Named as plaintiffs in Wolf's complaint, filed May 12, are Shelton Realty, and Lillian A. Tall, Stephen J. Tall, William A. Tall, and Edward G. Tall, all of 628 Long Hill Ave. The Shelton P&Z is named as defendant.

In the complaint, Wolf alleges that the P&Z conducted a public hearing on the applications on Dec. 14, 2004, and continued the hearing until Jan. 25, 2005, when it was closed.

Wolf notes in the complaint that state statutes "mandate the commission render its decision [on the applications] within 65 days after completion of the hearing..." unless the P&Z requests an extension, and that extension is for "no longer than an additional 65 days."

The commission did request that extension, according to Wolf's complaint, and the plaintiffs agreed, setting a deadline of April 30. But because the P&Z failed to render a decision on the rezoning applications by the deadline, Wolf filed the mandamus action.

A "show cause" hearing was scheduled in Milford Superior Court for 9:30 a.m. yesterday (May 31), in which the P&Z would have to show why the mandamus should not be granted.

That "show cause" hearing was withdrawn, Wolf said, "in view of the aldermen's decision last week."

Wolf said his next course of action in the matter will be decided "when we see what the city does."

"As of now, the board has only approved resolutions," he said. "If the city begins to implement the eminent domain process, we will take appropriate action."

When contacted last week, Stephen J. Tall declined to comment on the actions taken by the P&Z and Board of Aldermen.

Huntington Herald: www.zwire.com

Nevada governor gets eminent domain measure: KRNV-TV4 (Reno NV), 6/1/05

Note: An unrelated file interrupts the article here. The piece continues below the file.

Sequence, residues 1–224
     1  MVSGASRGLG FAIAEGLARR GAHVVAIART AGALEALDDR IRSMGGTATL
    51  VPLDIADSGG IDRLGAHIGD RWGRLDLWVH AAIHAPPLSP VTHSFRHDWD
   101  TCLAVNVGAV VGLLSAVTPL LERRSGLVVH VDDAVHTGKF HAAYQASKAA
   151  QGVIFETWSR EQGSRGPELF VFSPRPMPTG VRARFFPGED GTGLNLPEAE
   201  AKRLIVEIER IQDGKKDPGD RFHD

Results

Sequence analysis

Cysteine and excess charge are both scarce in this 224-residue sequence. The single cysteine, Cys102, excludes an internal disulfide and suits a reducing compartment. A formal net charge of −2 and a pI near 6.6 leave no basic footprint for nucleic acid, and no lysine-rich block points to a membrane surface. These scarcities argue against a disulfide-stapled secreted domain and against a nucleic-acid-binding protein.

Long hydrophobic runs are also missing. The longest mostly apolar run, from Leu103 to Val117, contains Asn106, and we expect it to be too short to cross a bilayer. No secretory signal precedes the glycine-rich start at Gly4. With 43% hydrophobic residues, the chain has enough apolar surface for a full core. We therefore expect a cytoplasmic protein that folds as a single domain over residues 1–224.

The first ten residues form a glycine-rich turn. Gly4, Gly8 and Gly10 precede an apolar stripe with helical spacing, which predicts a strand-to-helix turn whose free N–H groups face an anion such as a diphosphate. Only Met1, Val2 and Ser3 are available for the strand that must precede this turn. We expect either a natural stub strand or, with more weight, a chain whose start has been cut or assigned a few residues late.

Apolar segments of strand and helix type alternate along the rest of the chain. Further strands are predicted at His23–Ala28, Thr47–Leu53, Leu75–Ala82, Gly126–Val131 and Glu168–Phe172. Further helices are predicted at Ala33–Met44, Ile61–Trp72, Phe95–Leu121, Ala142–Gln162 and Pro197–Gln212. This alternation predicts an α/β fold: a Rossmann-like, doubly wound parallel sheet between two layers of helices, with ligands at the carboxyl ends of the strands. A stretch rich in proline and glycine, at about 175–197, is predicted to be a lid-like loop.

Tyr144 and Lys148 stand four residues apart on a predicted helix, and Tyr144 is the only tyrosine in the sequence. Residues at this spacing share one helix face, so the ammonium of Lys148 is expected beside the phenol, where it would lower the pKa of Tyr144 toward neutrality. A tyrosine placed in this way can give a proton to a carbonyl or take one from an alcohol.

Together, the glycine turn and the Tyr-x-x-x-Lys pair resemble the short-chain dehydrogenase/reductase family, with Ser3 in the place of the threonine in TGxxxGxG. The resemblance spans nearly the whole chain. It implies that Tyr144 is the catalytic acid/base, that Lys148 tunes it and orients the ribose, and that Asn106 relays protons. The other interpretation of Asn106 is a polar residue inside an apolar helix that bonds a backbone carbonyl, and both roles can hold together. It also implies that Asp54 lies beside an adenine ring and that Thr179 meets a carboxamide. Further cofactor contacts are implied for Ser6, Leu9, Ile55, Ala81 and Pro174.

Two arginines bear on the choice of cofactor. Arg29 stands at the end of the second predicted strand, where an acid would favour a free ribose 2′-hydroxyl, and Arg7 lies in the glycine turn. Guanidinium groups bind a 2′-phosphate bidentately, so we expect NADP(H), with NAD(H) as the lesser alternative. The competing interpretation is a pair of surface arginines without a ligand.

By author

A bill restricting the ability of local governments to take private land for redevelopment projects has been sent to [Nevada] Governor Guinn.

The Senate agreed with changes made to the bill introduced by Senator Terry Care to restrict the use of eminent domain by redevelopment agencies.

Care sought the bill as a result of Las Vegas' taking of private property for the Fremont Street Experience a decade ago.

The final version of the bill allows government to take land for open-space purposes but requires good-faith negotiations first.

In the area of redevelopment, the measure would allow the original owner to take the property back if it was not put to use for a project within 15 years.

Owners of commercial property taken for redevelopment also would have to be paid for the loss of business income, not just the value of the property.

KRNV: www.krnv.com


Eminent domain: Shades of big brother: Bucks County (PA) Courier Times, 5/31/05

By Courtney Dentch

The primary election may have cost one Nockamixon family their home.

The township has been eyeing 11 acres on Route 611 to expand its park space, and has discussed taking the land through eminent domain. But with three of the five supervisors against that plan, the house was safe.

Now that one of those three, Supervisor Al Santopietro, lost the Republican primary in his bid for re-election, the odds may have changed for Larry and Joan Comly, who have lived there for 12 years.

"We talked about condemning it," Santopietro said. "I think they're leaning toward taking this guy's property."